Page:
We document the evolution of markups based on firm-level data for the US economy since 1950. Initially, markups are stable, even slightly decreasing. In 1980, average markups start to rise from 18% above marginal cost to 67% now. There is no strong pattern across industries, though markups tend to be higher, across all sectors of the economy, in smaller firms and most of the increase is due to an increase within industry. We do see a notable change in the distribution of markups with the increase exclusively due to a sharp increase in high markup firms
Variable costs are costs that increase as the business produces more output. They include costs of materials and the labor cost that is involved in direct production. My explanation for the two-Jans result is that variable costs are tending toward zero in many industries. (I think that this is also Tyler’s explanation, but I prefer to use more specific examples and less technical jargon.)
My notes on the topic.
1. Fifteen years ago, I noticed the trend toward declining variable costs. I wrote an essay called asymptotically free goods, “where research and development costs are high, but the marginal cost of the final product or service is low.” Think of a pharmaceutical that is expensive to develop but cheap to manufacture. Think of cell phone service providers, where the marginal cost of transmitting another gigabyte of data is close to zero. Think of a hospital, where most of the cost is overhead (if the amount of medical services that a hospital were to supply on a given day declined by 1 percent, the amount by which its actual costs would decline is close to zero). Think of an Internet service, such as Facebook, with high costs of development and maintaining a data center but with extremely low cost of adding another user.
The point of the essay is that under marginal cost pricing, these would be free goods. If variable cost approaches zero, then markup over variable cost approaches 100 percent. [update: a commenter points out that this statement was in error. The ratio of price to variable cost approaches infinity as variable cost approaches zero.] (In the case of Facebook, the marginal cost of serving an ad is close to zero, and the markup that it charges advertises therefore approaches 100 percent).
2. When I taught economics in high school, I would say that “price discrimination explains everything.” That is because most businesses do not operate in the textbook world of perfect competition. Instead, firms are focused on recovering fixed costs. To do so, they apply different markups to slightly different versions of products, trying to recover more fixed costs from the less price-sensitive buyers. That is why movie theaters charge so much for popcorn, why airlines have different classes of seats, why cable TV providers offer bundles, and so on.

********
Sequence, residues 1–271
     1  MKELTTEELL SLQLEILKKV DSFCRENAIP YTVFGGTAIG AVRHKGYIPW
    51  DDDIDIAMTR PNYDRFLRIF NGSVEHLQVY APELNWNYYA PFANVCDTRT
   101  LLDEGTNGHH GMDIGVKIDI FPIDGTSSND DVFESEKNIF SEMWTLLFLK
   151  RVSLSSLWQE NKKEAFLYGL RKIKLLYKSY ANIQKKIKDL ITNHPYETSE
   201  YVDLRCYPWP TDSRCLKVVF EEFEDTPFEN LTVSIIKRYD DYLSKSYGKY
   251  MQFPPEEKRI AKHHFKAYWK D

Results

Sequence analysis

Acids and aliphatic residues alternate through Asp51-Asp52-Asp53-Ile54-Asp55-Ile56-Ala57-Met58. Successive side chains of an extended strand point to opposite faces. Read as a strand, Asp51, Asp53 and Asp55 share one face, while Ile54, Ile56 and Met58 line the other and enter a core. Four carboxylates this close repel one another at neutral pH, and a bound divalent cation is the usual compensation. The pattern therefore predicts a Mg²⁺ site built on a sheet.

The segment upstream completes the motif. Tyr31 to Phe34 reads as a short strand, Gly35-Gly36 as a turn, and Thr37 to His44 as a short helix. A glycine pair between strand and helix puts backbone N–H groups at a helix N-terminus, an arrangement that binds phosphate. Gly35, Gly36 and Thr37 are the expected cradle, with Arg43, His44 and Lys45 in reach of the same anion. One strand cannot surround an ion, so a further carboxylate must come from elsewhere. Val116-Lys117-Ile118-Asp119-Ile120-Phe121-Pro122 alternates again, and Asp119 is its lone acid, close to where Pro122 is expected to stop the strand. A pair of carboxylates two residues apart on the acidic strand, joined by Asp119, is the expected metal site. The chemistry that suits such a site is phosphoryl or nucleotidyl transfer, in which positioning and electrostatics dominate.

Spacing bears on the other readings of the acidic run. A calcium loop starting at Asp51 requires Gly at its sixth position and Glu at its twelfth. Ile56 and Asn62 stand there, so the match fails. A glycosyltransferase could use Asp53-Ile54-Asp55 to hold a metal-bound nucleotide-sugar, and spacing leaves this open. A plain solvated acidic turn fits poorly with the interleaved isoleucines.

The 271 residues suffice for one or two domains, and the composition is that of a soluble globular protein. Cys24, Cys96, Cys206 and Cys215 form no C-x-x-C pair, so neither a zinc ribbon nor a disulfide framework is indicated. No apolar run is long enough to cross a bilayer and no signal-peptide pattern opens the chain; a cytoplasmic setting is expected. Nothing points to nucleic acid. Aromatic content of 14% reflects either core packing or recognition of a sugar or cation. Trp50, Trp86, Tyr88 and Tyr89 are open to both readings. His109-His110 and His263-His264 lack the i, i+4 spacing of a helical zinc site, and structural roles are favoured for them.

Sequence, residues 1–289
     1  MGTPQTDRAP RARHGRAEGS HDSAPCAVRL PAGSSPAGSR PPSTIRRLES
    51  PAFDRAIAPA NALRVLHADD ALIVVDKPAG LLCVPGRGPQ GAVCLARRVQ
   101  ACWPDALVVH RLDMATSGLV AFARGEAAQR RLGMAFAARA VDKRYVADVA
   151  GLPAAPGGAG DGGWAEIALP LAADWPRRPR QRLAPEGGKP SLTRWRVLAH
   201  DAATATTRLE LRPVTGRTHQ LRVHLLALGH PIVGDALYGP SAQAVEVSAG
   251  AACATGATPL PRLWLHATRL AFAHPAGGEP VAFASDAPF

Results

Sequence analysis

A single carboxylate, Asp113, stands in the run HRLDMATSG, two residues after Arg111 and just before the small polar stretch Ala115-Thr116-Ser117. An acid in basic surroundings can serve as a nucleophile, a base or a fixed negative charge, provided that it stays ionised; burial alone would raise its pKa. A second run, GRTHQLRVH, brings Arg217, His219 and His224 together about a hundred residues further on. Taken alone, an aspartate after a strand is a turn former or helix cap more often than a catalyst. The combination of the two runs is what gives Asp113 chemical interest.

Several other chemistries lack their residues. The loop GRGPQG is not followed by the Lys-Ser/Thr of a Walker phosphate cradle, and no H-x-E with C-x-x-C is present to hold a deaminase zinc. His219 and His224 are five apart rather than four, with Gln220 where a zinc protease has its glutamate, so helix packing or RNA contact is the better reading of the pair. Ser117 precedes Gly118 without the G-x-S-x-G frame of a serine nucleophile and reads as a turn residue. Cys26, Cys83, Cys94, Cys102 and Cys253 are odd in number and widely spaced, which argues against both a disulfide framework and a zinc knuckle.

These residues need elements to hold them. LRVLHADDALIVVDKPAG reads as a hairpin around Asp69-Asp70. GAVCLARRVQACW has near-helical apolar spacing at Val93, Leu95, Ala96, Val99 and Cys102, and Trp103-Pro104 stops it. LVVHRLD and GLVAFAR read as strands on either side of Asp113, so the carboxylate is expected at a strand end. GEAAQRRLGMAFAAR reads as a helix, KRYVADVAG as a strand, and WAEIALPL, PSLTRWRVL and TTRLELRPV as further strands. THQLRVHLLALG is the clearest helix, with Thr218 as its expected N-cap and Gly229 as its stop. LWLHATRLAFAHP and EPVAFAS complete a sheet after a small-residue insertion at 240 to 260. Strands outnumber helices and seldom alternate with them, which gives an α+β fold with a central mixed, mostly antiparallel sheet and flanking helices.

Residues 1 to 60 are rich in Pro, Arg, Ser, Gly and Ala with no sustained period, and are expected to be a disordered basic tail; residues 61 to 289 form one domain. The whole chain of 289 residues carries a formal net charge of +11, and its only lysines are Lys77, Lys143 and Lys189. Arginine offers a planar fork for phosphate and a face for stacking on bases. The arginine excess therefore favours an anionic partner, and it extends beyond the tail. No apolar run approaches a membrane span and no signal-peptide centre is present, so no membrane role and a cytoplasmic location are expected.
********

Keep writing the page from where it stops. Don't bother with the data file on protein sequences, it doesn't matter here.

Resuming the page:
3. In manufacturing, the share of production workers is declining, but the share of non-production workers is increasing. Overall, we are producing more output with fewer workers on the assembly line (and I would guess that materials costs also are lower).
4. My guess is that, if anything, the two-Jan’s paper understates the trend toward high markups. That is because my guess is that most corporate data allocates more labor to variable cost than really belongs there. Garett Jones pointed out that these days most workers do not produce widgets. Instead, they produce organizational capital. Garett Jones workers are part of overhead, not variable cost.
5. In textbook economics, the term “monopoly power” is pretty much by definition the ability to charge a price above marginal cost. By that definition, it is very hard to think of real-world businesses that do not have monopoly power. If you want to say that the textbook model of perfect competition is baloney sandwich, I would have to agree with you.
6. But lack of perfect competition does not mean that government regulators know better.
7. Lack of perfect competition does not mean that there is no market discipline. There is still competitive discipline, but a lot of it comes in the form of creative destruction rather than in the form of prices being driven down to marginal costs by copycat entry.
8. Government intervention can easily take the form of trying to stop creative destruction. For example, demand that autonomous vehicles be accident-free, rather than merely less dangerous on average than human-driven cars.